Not good news at all, and it’s getting worse the closer it gets to the election. Any rally effect in the COVID-19 crisis has long since disappeared for Donald Trump, and opposition to his approach on the pandemic has hit new highs in the latest ABC/Washington Post poll. In mid-March, Trump held a narrowly positive rating (51/45) on handling the coronavirus, but four months later, he’s now at a dismal 38/60 — and 52% “strongly disapprove” of his efforts:

The Post-ABC poll shows 38 percent of Americans approve of his handling of the outbreak, down from 46 percent in May and 51 percent in March. Sixty percent disapprove, up from 53 percent in May and 45 percent in March.

More than half of the public — 52 percent — now disapproves “strongly” of Trump’s handling of the outbreak, roughly double the percentage who say they strongly approve of his efforts and an increase from 36 percent in strong disapproval since March.

On one hand, one could question whether this is just a function of pandemic fatigue. The consequences of the COVID-19 outbreak are hard on everyone and would tend to make everyone miserable, let alone the other issues plaguing us at the moment, pardon the pun. That would tend to get directed at current leadership regardless of how they perform their jobs. However, since neither leadership nor the pandemic will change much and Trump’s in charge, that’s really just an academic point. People are unhappy, and woe betide incumbents no matter how just that might be.

There are reasons, though, to see this as more specifically an issue with Trump. Part of the problem appears to be that the White House has not convinced Americans yet that the economy is now the bigger crisis. In fact, they have actually lost ground on that point, and Trump’s focus on economic reopening over COVID containment might be exacerbating this trend:

A 63 percent majority say it is more important to try to control the spread of the virus even if it hurts the economy, up from 57 percent in May. The share who “strongly” favor controlling the virus’s spread over restarting the economy has grown from 41 percent in May to 52 percent in the latest survey.

On the subject of masks, nearly 8 in 10 Americans say they are wearing one most or all of the time when they come close to others in public. Trump wore a mask for the first time in public last week after months in which he showed reluctance to follow the recommendations of public health officials. Even after that display at a military hospital, however, he publicly contended the use of masks should not be mandatory.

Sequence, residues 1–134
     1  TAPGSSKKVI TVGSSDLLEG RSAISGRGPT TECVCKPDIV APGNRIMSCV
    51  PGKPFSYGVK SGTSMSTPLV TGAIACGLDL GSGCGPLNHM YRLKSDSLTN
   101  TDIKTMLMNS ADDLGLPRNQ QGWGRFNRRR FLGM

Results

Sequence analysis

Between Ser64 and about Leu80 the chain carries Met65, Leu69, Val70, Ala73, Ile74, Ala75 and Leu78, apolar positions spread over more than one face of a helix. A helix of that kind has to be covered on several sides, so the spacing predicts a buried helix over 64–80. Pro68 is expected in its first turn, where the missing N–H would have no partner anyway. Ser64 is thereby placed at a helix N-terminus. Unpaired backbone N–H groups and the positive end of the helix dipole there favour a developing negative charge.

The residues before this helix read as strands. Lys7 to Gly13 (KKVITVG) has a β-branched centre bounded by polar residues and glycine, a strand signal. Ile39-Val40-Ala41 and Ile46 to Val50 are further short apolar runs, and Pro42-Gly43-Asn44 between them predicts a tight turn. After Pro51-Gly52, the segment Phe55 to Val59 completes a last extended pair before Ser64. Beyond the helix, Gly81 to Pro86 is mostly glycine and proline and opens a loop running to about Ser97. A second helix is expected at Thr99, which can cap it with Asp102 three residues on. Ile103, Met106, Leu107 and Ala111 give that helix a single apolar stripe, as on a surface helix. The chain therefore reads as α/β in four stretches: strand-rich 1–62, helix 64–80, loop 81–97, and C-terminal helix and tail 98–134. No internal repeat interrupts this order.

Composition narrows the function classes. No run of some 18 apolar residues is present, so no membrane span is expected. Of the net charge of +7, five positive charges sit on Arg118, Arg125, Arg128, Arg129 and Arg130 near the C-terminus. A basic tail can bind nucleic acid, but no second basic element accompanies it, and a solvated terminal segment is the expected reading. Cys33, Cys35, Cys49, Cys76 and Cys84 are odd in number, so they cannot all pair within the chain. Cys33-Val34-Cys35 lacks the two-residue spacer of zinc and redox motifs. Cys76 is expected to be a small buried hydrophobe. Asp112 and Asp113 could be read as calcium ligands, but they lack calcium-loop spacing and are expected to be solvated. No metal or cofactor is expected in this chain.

Those who dislike this particular poll series might complain that it doesn’t represent the overall trend. A quick look at the RealClearPolitics aggregate of Trump’s overall approval ratings easily rebuts that argument. Trump’s approval rating trends are downright catastrophic with less than four months to go before an election:

Trump’s overall approval looked fairly steady and not bad on a historical basis until mid-May. What happened then? Trump started pushing hard for reopening, and cases of COVID-19 started rising shortly after that. Also, though, the killing of George Floyd touched off riots and Trump began defending the Confederate flag, so there’s more mixed up into this collapse of overall approval rating, although the COVID-19 crisis is definitely a big part of it.

The White House should be most worried about Trump’s standing with suburban voters in this survey today. That is where Trump needs to win in order to get a second term, and it looks very bad for him at the moment on COVID-19. Overall approval among suburban voters on that issue is at 39/59, with 53% strongly disapproving. Overall trust on Trump’s credibility on the pandemic is even worse — 35/64 among suburban voters. (Worth noting: it’s not great with rural voters either, 44/53.)

Regionally, the news is just as bad. Trump’s approval rating in the South on handling COVID-19 us 44/55, and trust is down to 38/60. His ratings in the Midwest are even worse — 39/59 on approval, 33/65 on trust. Granted, this is among all adults rather than registered voters or likely voters, so it’s somewhat less predictive in terms of electoral impact. However, with numbers like these, those mitigations are only incremental.

Perhaps other polling will emerge that will contradict this. The trends look pretty clear at the moment, however, and it spells disaster for Trump unless he can turn things around. Paying more attention to the fears of voters on COVID-19 might be a start, and maybe in a more general sense, Trump can end his fascination with the Confederacy until after the election. That isn’t doing him any good, not even in the South.